SENIOR CITIZENS TRAVEL TO WALES

Feb 13th, 2012 | By James E Becker | Category: Senior Travel

‘Not To Be Missed’Trip

Croeso i Gymru Seniors, that’s Welsh for welcome to Wales. Known as the Land of the Song, Wales is also a land of mountain and flood, where wild peaks challenge the sky and waterfalls thunder down steep, rocky chasms. The country is a part of the British Isles and over the years many of its inhabitants have immigrated to the US.  As a docent at Taliesin West in Scottsdale, I share that Frank Lloyd Wright’s ancestors came from Wales to settle in SW Wisconsin in 1844. The clan were of the Unitarian Faith and their motto was “Truth Against the World.”  They, like many persecuted for their beliefs, left their country to move to the US.

Today Wales is a destination not to be missed and seniors have discovered the many delights that make this a “not to be missed” trip. Wales is bordered by England to its east and the Atlantic Ocean and the Irish Sea to its west. It has a population of three million, and a total area of 8,023 sq mi. Wales has over 750 miles of coastline, including it’s offshore islands.

Situated in the southeastern portion of the island of Great Britain, Wales never developed into a fully integrated kingdom as did Scotland and England. The Celtic principality was joined by force to England way back in 1284, but has managed to retain its distinctive language, culture, and sense of nationhood through the centuries. The Welsh traditionally eked out a living by mining coal and slate.  Today Wales still lags behind the other regions of the UK in terms of economic development and prosperity.  Nevertheless, both Wales and Scotland have seen a resurgence of nationalism in recent years. You will find during your visit that both English and Celtic names are on all the road signs.

Cardiff, the capital, was largely rebuilt after WWII and lies on the Severn River.  It is rapidly developing into one of Europe’s finest maritime cities, famous for its parks, choirs, and ancient Cardiff Castle. At the time, Cardiff Docks was the biggest coal port in the world and, for a few years before WWI, it handled a greater tonnage of cargo than either London or Liverpool. Cardiff has changed dramatically in recent decades. It is now a lively and modern capital city, gaining popularity with tourists interested in its history and Welsh culture. It is quickly becoming one of the United Kingdom’s tourism hot spots.

You won’t want to miss Caernarfon,  famous for its breathtaking castle.  It is totally HUGE and one of the best places in the world to hear a living Celtic language, with over 80% of the local population speaking Welsh. Cardiff Bay attracts many seniors as it is so unique and full of fun things to see and do. Take the train 2 1/2 hours from London to Cardiff with these folks and enjoy their first-hand description.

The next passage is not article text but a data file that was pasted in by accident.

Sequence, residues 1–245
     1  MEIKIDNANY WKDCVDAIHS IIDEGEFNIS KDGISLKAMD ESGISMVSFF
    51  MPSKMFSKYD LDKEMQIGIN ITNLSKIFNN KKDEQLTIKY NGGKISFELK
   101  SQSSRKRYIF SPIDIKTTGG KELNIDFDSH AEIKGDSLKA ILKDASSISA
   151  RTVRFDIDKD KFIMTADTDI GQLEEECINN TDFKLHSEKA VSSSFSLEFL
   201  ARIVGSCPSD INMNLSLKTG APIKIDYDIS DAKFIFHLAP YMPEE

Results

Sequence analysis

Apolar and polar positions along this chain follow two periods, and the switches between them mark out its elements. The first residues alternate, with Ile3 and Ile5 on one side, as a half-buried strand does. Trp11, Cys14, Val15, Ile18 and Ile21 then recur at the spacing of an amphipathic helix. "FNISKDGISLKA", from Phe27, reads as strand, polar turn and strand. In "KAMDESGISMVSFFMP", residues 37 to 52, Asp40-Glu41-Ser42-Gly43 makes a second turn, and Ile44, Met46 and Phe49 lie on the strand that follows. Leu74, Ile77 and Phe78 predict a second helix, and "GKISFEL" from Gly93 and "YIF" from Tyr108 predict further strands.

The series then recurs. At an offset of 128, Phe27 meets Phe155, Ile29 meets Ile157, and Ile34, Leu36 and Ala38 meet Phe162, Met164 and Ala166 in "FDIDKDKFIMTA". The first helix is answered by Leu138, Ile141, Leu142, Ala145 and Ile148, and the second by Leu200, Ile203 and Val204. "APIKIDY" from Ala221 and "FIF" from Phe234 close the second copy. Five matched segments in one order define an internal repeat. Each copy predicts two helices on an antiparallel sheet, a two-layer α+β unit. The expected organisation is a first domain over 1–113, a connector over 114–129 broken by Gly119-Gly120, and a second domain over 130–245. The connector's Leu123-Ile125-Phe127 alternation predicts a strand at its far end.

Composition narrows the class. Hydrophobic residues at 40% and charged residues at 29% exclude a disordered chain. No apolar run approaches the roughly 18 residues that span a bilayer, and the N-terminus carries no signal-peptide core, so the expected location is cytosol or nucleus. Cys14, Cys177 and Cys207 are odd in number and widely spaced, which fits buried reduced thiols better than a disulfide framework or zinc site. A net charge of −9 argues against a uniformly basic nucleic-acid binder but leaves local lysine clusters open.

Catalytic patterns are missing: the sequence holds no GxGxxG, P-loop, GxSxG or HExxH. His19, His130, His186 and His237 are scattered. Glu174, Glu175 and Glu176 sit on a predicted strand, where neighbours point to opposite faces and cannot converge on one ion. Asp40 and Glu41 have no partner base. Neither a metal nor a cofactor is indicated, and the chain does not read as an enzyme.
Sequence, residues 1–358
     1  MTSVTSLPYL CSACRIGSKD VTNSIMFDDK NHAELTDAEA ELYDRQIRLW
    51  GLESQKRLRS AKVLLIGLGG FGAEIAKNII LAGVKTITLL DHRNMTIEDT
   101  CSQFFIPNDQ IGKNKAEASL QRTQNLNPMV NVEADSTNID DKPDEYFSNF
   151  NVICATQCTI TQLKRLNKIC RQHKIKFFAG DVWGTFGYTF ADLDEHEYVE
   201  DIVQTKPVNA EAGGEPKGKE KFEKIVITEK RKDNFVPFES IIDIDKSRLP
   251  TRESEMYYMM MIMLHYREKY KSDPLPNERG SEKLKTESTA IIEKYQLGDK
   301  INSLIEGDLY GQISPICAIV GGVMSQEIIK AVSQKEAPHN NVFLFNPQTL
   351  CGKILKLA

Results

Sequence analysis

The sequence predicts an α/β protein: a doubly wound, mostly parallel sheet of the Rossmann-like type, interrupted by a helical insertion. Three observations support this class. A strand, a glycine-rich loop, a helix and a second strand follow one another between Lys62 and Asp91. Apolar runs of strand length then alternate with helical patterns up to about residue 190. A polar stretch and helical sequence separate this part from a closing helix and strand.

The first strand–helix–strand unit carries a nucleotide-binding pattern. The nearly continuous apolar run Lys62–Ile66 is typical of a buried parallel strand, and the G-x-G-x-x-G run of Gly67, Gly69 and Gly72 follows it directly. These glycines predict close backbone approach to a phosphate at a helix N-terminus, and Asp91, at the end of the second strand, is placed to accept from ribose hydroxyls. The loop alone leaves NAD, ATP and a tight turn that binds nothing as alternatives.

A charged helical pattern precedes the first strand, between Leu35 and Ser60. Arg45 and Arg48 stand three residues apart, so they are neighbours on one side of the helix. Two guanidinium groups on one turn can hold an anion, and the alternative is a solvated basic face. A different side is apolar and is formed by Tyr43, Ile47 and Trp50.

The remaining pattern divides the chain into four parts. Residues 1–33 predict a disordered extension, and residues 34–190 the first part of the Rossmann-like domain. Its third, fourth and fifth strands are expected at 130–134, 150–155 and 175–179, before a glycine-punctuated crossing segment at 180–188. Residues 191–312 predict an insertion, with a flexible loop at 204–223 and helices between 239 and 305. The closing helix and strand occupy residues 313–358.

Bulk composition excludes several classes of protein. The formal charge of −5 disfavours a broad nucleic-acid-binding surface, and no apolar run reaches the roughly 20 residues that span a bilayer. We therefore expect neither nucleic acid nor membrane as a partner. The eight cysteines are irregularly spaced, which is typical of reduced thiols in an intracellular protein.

You will find that Wales is divided into five regions, each with it’s own history and culture.  These regions boast of national parks, 45 Blue Flag beaches and a host of other attractions. And how about trying to visit just a small portion of the 641 castles that dot the skyline just around every corner. That’s more castles per square mile than any other country in the world.

Seniors will find that the Welsh speak English in Wales but the Welsh language is thriving. It’s spoken fluently by over half a million people in Wales.  That’s over 20% of the population.  Called Cymraeg,  it is a language with entirely regular and phonetic spelling.

Swansea is Wales’ Golden Coastal City and it is the region where Catherine Zeta Jones called home along with Dylan Thomas, Richard Burton, Anthony Hopkins, Ray Milland and Tom Jones.

Seniors Will Enjoy the Food, the Restaurants and Pubs

The Welsh pride themselves on supplying some of the finest produce in the world. Their landscape reflects freshness, quality and variety.  Fresh and local are two words senior visitors will hear to describe the food. There’s meat fresh from the farm, fish fresh from the coast and vegetables dug up that morning. If you like to try new dishes, like my wife, you might like to try this specialty and if you can say Llanfairpwllgwyngyllgogerychwyrndrobwllllantysiliogogogoch you can have some. Better just write that one down and show it to the waiter.

The new Wales is a vibrant place where history is alive and Welsh culture finds new forms of expression. The mix of defiant tradition and New-World sophistication is one of Wales’ greatest assets today. The male voice choirs may still keep a welcome in the valleys, but an alternative culture flourishes in urban hubs.  Like Cardiff, a healthy dose of hedonism oozes from gourmet kitchens and hip hotels, and a strong motif of environmental awareness underpins the country’s forward-looking perspective.  Enjoy good museums?  The National Museum in Cardiff is home to the largest collection of Impressionist and Post-Impressionist paintings outside Paris.

Britannia calls itself “America’s Gateway to the British Isles since 1996″ and can provide seniors a wide choice of tours depending on personal interest. Many seniors make the mistake of thinking that they can see Wales in a day or so, but that’s only enough time to scratch its surface. Do check out Frommer’s Complete Guide to Wales especially for information on specific cities and regions.

This was one of the most fun travel blogs I have written for some time. I learned lots myself. I hope that you enjoy your visit to Wales as much as I have writing this piece.  jeb



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